Jones points to Dufty’s role as a lead supporter of the appointment of then San Francisco City Administrator Ed Lee as interim mayor in January of this year. At the time, Lee, who became the city’s first Asian-American mayor, promised he would not seek election for a full term. The Board of Supervisors appointed him mayor to fill the unexpired term of Mayor Gavin Newsom, who resigned after winning election as lieutenant governor.

Lee upset many of his fellow politicians and city officials when he announced he had changed his mind and would enter the mayoral race this year. Many in the Asian-American community along with other supporters urged him to run, saying, among other things, that his role as the city’s first Chinese mayor was historic and he should stay on as mayor beyond his interim appointment.

Jones told the Blade that he and other LGBT activists believe Dufty entered the race as Lee’s stalking horse, with the aim of taking gay votes away from Herrera, who has been viewed as a longstanding champion among gay voters.

“All of the polls show that Bevan is not placing at all,” Jones said.

Dufty, in a telephone interview with the Blade on Tuesday, called Jones’ claims “ridiculous.” He said that under the new voting system for mayor that gives voters three choices, he believes he has a strong chance of winning the race in the second round of “virtual” vote counting.

Under the new system, if no candidate receives at least 51 percent of the “first choice” vote, the candidate with the least number of votes is eliminated and the city counts the second choice votes of that candidate. The process is repeated until a candidate obtains a 51 percent majority.

Dufty, who said he’s convinced the vote count will go to at least one additional round, points out that he has raised $1.3 million for his campaign, the second highest amount raised after Lee, who raised just under $1.5 million. He said polls showing Lee far ahead of all the other candidates are wrong because the polls can’t accurately predict the outcome in the “ranked choice” voting system.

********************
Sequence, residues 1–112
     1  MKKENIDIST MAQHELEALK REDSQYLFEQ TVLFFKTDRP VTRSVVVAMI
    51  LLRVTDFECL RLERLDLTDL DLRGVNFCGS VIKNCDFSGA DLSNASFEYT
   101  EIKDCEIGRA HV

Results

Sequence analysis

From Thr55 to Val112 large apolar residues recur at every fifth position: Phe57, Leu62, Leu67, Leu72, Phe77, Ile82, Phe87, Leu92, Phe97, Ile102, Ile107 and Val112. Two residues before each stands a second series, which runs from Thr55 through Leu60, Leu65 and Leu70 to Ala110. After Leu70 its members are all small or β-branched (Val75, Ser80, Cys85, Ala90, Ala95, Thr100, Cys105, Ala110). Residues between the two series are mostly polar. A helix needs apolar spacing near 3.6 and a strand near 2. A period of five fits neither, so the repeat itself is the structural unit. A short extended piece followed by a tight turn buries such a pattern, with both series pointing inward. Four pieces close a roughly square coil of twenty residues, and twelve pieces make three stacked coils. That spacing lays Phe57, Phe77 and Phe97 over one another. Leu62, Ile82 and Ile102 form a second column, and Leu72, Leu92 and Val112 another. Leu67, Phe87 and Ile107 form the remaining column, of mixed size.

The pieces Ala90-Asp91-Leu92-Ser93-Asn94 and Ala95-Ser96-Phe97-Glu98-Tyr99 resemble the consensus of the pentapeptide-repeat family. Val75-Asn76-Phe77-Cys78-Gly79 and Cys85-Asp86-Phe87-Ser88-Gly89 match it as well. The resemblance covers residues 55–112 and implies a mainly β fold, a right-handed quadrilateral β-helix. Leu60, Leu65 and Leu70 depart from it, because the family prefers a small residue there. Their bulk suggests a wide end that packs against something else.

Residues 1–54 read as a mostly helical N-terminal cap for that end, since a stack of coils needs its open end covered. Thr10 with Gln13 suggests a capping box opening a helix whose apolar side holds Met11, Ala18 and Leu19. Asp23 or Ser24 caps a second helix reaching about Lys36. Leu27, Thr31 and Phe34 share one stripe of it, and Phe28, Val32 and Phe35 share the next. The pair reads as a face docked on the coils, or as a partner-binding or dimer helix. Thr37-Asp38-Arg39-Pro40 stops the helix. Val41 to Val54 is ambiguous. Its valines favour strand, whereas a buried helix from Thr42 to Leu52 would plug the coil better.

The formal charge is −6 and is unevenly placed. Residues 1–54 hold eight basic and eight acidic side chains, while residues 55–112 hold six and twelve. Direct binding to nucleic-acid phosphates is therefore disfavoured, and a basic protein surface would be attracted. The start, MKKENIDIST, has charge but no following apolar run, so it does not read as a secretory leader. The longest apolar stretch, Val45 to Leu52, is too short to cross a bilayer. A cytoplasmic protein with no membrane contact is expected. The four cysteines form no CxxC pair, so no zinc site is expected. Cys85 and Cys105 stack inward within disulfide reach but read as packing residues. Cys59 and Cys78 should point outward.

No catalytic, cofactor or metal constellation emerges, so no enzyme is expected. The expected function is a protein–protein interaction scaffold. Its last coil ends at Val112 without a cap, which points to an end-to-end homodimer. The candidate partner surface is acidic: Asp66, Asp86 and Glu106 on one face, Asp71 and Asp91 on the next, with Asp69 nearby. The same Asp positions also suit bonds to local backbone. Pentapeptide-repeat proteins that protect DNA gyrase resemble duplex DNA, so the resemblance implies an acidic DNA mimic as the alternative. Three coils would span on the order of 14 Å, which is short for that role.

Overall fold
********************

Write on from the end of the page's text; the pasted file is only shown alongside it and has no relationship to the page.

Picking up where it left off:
State Department

State Department hosts intersex activists from around the world

Group met with policy makers, health officials, NGOs



The State Department last week hosted a group of intersex activists from around the world. (Courtesy photo)

The State Department last week hosted five intersex activists from around the world.

Kimberly Zieselman, a prominent intersex activist who advises Jessica Stern, the special U.S. envoy for the promotion of LGBTQ and intersex rights abroad, brought the activists to D.C.

• Morgan Carpenter, co-founder and executive director of Intersex Human Rights Australia

• Natasha Jiménez, an intersex activist from Costa Rica who is the general coordinator of Mulabi, the Latin American Space for Sexualities and Rights

• Julius Kaggwa, founder of the Support Initiative for People with Atypical Sex Development Uganda

• Magda Rakita, co-founder and executive director of Fujdacja Interakcja in Poland and co-founder of Interconnected UK

• Esan Regmi, co-founder and executive director of the Campaign for Change in Nepal.

Special U.S. Envoy for Global Youth Issues Abby Finkenauer and Assistant Health Secretary Rachel Levine are among the officials with whom the activists met.